Monday, 17 October 2016

Christianity is the religion of the broken heart

Machen writing in 1923:
[...] a remarkable change has come about within the last seventy-five years. The change is nothing less than the substitution of paganism for Christianity as the dominant view of life. Seventy-five years ago, Western civilization, despite inconsistencies, was still predominantly Christian; today it is predominantly pagan.
In speaking of "paganism," we are not using a term of reproach. Ancient Greece was pagan, but it was glorious, and the modern world has not even begun to equal its achievements. What, then, is paganism? The answer is not really difficult. Paganism is that view of life which finds the highest goal of human existence in the healthy and harmonious and joyous development of existing human faculties. Very different is the Christian ideal. Paganism is optimistic with regard to unaided human nature' whereas Christianity is the religion of the broken heart.In saying that Christianity is the religion of the broken heart, we do not mean that Christianity ends with the broken heart; we do not mean that the characteristic Christian attitude is a continual beating on the breast or a continual crying of "Woe is me." Nothing could be further from the fact. On the contrary, Christianity means that sin is faced once for all, and then is cast, by the grace of God, forever into the depths of the sea. The trouble with the paganism of ancient Greece, as with the paganism of modern times, was not in the superstructure, which was glorious, but in the foundation, which was rotten. There was always something to be covered up; the enthusiasm of the architect was maintained only by ignoring the disturbing fact of sin. In Christianity, on the other hand, nothing needs to be covered up. The fact of sin is faced squarely once for all, and is dealt with by the grace of God. But then, after sin has been removed by the grace of God, the Christian can proceed to develop joyously every faculty that God has given him. Such is the higher Christian humanism--a humanism founded not upon human pride but upon divine grace.
But although Christianity does not end with the broken heart, it does begin with the broken heart; it begins with the consciousness of sin.
(italics mine; p56–57, Christianity and Liberalism)

Sunday, 16 October 2016

Slandering God and the knowledge of God

Why should we be indignant about slanders directed against a human friend, while at the same time we are patient about the basest slanders directed against our God? Certainly it does make the greatest possible difference what we think about God; the knowledge of God is the very basis of religion.  - p48, Christianity and Liberalism by J. Gresham Machen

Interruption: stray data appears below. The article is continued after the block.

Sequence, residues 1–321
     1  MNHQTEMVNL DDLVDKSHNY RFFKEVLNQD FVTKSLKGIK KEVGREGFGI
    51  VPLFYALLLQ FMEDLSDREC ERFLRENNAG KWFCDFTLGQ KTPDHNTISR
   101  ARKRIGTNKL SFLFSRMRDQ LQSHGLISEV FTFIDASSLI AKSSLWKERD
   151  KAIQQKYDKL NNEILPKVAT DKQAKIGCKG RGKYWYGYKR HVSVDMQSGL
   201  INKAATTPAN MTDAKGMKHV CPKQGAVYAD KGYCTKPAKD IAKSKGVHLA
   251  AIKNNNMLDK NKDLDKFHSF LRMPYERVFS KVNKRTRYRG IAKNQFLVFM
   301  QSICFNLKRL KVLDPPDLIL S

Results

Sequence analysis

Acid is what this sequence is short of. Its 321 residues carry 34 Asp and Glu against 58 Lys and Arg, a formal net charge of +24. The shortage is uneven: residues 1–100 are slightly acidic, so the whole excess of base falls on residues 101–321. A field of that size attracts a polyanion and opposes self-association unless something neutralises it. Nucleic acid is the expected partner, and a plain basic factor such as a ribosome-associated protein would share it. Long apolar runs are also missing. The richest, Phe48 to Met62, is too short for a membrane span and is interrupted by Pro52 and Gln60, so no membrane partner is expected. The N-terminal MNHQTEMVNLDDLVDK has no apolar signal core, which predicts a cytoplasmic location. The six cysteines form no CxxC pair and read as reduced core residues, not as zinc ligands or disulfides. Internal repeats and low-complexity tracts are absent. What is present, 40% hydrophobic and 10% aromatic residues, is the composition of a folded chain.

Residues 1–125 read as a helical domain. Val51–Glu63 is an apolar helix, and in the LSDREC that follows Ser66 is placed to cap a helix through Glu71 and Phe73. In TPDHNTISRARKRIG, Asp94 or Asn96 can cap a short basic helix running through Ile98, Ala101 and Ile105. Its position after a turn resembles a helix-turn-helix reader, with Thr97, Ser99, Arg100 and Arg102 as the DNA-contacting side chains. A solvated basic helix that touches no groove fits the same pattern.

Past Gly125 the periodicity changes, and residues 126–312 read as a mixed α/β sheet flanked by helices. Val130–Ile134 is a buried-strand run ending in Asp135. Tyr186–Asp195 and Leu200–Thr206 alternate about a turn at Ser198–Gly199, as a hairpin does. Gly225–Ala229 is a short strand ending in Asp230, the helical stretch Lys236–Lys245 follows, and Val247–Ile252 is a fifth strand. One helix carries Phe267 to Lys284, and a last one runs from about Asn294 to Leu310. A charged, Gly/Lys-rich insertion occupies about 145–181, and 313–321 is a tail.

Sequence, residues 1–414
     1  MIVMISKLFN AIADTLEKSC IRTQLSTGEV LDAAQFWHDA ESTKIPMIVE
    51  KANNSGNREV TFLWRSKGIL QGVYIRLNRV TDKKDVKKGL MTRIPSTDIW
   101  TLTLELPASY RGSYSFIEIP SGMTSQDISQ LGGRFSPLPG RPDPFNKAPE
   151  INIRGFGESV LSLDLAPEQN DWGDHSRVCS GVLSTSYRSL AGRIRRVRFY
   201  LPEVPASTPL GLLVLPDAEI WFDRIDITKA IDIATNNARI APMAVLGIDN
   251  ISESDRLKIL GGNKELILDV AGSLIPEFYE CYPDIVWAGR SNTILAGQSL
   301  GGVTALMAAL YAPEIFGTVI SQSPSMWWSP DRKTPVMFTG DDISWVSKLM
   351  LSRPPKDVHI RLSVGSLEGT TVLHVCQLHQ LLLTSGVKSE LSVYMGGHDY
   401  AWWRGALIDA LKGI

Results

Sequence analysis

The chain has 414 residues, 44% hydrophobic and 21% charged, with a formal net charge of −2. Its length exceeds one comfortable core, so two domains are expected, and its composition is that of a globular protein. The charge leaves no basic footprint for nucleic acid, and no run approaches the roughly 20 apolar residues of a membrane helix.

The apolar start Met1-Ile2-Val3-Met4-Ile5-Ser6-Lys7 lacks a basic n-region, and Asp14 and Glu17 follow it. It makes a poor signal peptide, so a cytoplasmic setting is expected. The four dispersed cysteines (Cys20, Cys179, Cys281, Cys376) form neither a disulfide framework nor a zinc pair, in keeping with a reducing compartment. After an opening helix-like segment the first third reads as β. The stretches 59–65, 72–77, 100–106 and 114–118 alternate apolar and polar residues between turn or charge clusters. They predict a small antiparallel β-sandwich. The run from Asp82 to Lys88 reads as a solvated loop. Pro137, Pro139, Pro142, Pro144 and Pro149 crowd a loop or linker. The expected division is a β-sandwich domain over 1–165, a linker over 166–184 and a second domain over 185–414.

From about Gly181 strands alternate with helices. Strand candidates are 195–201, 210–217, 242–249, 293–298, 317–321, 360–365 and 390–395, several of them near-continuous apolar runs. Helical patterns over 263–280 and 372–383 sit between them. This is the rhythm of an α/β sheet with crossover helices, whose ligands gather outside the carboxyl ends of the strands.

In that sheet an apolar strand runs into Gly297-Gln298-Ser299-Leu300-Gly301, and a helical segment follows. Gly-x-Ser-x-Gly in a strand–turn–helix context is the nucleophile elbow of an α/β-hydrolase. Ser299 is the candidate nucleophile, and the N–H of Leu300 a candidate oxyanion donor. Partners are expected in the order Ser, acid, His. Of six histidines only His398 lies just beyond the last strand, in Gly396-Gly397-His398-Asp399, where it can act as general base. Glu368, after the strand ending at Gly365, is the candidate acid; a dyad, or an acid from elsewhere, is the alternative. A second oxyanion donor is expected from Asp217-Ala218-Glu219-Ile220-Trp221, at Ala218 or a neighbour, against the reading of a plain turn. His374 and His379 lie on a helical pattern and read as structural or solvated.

Saturday, 15 October 2016

Where do we learn obedience?

Far from being a distraction, the ordinary affairs of life – crying babies and cars that will not start – are in fact the context of God's call to ‘work out your salvation with fear and trembling’ (Phil. 2:12). The fruit of the Holy Spirit (Gal. 5:22–23) are not born in a vacuum. It is precisely in the maelstrom of life that we learn obedience.  – p78, Stuart Hitting theHoly Road by Stuart Coulton 

Tuesday, 11 October 2016

Naturally, God hates sin.

God did not sit down, deliberate carefully, and then decide that on balance he should hate evil. Nor is his freedom circumscribed by some law of retribution external to himself, like some human judge bound, even when he disapproves of them, by the laws passed by his national legislature. “Just” is what God is. “Angry with sin” is what he is. It is his whole nature, his very being, to recoil from it and condemn it. It is unimaginable that he should place idolatry, blasphemy, murder, rape, child abuse, greed, deceit, and exploitation outside the law, ignoring the pain they cause and the havoc they wreak. No human society places evil outside the law, and it is one of the paradoxes of this whole discourse that those who cry out most loudly for justice (against, e.g., child abusers and rapists) are often the very ones who deny the Almighty any judicial function. Yet our human systems of justice can have no legitimacy except as ordained by God, and while postmodernism may calmly discuss “Whose justice?,” our sanctions against crime clearly presuppose the validity of law and of appropriate retribution. We cannot deny to the Judge of all the earth the prerogatives we concede to our own petty judicatories. It is precisely because we are made in his image that we ourselves feel revulsion in the presence of evil.  – p252, Donald Macleod, The Work of Christ Accomplished in The Christian Dogmatics (italics original)